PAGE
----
Interview with Lisa Rogak
The writer's writer
Lisa Rogak is a rover of epic scale. She travels constantly and writes on topics ranging from working dogs to funeral food. In fact, it’s rare for her
to tackle the same subject twice, but when the topic is NH’s most enigmatic author, she’ll make an exception.
Rogak has authored more than 40 books and edited the New York Times best seller “Barack Obama in His Own Words,” so she has an idea of what it takes to succeed in the book business. And no one has mastered that game as well as #1 best-selling author and Exeter resident Dan Brown. Rogak released her first unauthorized biography of Brown back when his breakthrough novel, “The Da Vinci Code,” was keeping bookstores in the black. An updated version of her biography is out from Thomas Dunne Books, just as Brown’s latest page-turner, “Inferno,” is setting the publishing world afire.
You’ve written biographies for an odd collection of characters. What, if anything, do they have in common? Pretty much all the biographies are about writers, even if that’s not particularly what the guy is known for — Dr. Robert Atkins, Shel Silverstein, Dan Brown, Stephen King, Stephen Colbert — they all had to be pretty creative and go out on a limb and meet up with resistance to achieve their goals. But they forged full-steam ahead not thinking about the consequences.
You’ve also made a living as a writer on such a wide array of topics. Don’t writers tend to specialize to succeed? It’s not part of my makeup. I find I’m able to stay on a beat for two years before it gets stale. I’ve never been one to specialize for that reason, and it’s also why writing books is great for me because I can pursue one topic — or person — over a matter of months and get my fill and then go on to the next.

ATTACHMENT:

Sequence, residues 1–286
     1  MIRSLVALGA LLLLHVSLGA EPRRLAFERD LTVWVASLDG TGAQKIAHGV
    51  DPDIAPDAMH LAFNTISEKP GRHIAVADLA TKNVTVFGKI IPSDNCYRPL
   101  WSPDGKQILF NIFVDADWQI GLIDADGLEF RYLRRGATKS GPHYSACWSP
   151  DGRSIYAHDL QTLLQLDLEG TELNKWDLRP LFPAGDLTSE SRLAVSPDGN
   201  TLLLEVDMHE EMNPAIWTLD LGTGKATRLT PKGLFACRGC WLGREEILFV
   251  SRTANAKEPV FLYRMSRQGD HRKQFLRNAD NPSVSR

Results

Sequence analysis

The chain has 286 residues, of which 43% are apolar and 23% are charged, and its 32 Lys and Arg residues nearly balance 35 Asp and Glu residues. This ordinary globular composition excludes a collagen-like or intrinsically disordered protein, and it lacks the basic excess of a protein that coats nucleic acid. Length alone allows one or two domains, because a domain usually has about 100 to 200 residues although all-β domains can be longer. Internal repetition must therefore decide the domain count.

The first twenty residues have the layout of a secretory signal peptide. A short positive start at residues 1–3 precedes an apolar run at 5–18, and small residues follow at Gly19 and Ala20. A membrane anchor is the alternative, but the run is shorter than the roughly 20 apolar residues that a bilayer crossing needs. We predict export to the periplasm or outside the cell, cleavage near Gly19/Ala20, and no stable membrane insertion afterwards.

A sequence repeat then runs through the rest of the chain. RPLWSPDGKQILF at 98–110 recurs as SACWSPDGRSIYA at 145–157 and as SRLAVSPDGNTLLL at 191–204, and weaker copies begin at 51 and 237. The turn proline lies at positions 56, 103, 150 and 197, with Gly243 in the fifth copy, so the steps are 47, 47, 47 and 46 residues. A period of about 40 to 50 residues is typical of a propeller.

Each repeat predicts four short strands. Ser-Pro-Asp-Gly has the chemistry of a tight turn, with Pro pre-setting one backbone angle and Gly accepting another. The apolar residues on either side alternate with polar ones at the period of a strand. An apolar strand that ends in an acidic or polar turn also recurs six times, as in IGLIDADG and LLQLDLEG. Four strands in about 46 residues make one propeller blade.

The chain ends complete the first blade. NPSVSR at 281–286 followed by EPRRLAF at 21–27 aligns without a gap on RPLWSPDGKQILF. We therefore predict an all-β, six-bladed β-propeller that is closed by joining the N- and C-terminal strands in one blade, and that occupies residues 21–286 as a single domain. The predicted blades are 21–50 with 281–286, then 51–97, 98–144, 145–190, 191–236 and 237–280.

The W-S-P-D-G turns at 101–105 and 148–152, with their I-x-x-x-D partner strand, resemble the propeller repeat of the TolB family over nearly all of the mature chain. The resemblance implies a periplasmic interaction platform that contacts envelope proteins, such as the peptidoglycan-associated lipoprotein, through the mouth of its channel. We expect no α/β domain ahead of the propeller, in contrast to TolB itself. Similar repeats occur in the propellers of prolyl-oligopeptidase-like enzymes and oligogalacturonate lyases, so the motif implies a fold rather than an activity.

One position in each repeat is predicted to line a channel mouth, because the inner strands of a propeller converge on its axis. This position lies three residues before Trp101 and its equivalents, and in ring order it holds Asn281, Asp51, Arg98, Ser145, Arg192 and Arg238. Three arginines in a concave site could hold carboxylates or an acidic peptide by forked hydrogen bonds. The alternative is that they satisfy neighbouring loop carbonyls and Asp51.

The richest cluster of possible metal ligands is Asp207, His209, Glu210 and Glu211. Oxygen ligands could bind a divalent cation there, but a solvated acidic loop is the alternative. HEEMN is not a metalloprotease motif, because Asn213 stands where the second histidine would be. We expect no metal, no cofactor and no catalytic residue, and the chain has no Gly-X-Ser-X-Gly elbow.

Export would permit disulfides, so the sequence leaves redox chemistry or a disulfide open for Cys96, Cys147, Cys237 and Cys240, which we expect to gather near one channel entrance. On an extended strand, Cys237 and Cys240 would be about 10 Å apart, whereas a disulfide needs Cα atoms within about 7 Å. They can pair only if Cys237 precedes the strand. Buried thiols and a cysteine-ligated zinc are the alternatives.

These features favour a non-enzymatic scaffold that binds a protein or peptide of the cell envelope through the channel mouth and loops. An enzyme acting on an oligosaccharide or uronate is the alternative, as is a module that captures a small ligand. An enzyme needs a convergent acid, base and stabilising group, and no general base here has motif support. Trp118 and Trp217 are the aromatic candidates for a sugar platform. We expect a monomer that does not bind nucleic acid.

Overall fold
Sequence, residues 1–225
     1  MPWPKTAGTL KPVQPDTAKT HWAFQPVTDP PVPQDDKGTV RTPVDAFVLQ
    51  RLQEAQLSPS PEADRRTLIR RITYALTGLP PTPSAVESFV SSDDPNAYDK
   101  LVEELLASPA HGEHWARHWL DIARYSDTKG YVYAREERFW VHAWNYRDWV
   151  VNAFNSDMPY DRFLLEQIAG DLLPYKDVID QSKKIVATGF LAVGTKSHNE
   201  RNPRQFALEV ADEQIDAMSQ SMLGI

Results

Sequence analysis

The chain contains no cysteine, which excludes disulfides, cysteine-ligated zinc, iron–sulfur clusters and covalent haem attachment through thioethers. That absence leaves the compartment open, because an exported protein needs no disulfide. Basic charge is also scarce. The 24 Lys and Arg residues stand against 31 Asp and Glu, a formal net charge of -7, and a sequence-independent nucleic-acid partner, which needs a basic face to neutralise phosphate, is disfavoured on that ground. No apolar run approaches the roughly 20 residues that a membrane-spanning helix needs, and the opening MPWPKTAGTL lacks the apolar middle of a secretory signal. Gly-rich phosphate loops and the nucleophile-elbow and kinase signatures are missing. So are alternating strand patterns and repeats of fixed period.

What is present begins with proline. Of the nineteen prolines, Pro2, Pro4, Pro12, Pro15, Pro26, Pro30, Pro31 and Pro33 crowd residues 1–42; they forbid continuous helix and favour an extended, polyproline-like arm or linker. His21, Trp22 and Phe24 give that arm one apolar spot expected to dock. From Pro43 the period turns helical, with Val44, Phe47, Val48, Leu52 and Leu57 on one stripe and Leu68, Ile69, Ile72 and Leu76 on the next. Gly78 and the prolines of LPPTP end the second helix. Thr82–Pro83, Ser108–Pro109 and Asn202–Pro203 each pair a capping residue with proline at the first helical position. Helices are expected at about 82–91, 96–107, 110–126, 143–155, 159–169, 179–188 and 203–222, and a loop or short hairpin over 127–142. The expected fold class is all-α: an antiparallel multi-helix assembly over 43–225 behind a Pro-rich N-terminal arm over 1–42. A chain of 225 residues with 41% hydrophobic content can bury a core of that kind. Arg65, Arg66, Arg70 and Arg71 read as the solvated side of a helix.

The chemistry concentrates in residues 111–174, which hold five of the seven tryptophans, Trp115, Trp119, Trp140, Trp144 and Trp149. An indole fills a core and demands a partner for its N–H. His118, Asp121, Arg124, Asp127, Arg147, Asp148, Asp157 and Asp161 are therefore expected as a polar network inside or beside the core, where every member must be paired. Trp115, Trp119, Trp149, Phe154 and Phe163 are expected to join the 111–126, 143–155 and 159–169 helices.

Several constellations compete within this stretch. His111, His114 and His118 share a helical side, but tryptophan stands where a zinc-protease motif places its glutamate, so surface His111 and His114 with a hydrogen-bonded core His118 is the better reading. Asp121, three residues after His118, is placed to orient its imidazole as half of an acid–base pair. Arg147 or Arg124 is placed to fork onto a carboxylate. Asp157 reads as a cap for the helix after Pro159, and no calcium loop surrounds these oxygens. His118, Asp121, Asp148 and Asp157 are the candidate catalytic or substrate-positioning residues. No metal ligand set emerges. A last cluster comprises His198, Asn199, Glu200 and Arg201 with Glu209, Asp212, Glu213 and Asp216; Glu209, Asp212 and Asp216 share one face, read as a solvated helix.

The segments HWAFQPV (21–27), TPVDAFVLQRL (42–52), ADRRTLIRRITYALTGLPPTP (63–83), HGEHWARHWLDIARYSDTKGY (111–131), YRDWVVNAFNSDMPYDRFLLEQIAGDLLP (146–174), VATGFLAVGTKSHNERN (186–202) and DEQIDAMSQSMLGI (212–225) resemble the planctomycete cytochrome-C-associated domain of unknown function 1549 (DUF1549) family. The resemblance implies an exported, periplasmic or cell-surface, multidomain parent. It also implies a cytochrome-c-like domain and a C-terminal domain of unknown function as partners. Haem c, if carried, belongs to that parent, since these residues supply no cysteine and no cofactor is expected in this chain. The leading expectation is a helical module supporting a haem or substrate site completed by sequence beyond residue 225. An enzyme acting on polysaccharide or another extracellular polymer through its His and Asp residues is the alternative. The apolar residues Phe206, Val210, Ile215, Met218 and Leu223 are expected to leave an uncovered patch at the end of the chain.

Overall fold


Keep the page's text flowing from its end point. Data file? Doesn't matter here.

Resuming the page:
How were you able to find anything new to say about such a private (some would say secretive) guy? The first time around people would actually talk to me. For the second updated edition the most revealing item was the affidavit he prepared for his plagiarism trial in the UK. Seventy-six single-spaced pages on his history and working habits that provided more insight into him than perhaps he wanted to reveal.
If you could get a personal interview with Brown, I wonder what you’d most like to ask him. We’d probably talk about New Hampshire and why we both love it so. In fact, the dedication in the second edition was: “To NH and her people ... try as I might, I just can’t stay away.”
Are there any other NH people you’d like to treat to an unauthorized biography? You! (Ha!) Actually, the whole standoff and tax evasion case with Elaine and Ed Brown in Plainfield back in 2007 fascinated me because I lived in Lebanon at the time, and I knew people who knew them and used her as their dentist.
NH seems to be a haven for writers. Any idea why? Because people aren’t so gaga over famous people in NH. And even if you’re not famous, NH has a long history of letting people live in the woods and do what they want, and most writers — including myself — need that from time to time.Edit Module